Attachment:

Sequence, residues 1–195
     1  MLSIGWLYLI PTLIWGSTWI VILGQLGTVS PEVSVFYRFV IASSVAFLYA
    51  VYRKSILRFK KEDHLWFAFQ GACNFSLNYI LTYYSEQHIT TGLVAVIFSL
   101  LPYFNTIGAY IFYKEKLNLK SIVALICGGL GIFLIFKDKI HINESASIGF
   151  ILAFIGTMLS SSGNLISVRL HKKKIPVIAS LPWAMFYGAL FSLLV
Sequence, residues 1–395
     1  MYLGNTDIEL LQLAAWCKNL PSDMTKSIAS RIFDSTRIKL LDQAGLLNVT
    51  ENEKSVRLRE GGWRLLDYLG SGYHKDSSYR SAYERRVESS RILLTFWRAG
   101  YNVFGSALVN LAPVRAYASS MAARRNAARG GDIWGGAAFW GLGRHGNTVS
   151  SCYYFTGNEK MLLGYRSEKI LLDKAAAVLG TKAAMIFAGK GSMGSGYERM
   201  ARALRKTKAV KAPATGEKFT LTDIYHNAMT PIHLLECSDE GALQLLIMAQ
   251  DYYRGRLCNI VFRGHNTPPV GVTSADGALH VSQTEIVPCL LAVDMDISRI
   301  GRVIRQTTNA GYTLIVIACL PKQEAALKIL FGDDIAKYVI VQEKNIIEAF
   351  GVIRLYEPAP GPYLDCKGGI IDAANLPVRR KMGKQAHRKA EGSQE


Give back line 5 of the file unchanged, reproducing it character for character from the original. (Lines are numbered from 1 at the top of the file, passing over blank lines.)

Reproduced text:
   151  ILAFIGTMLS SSGNLISVRL HKKKIPVIAS LPWAMFYGAL FSLLV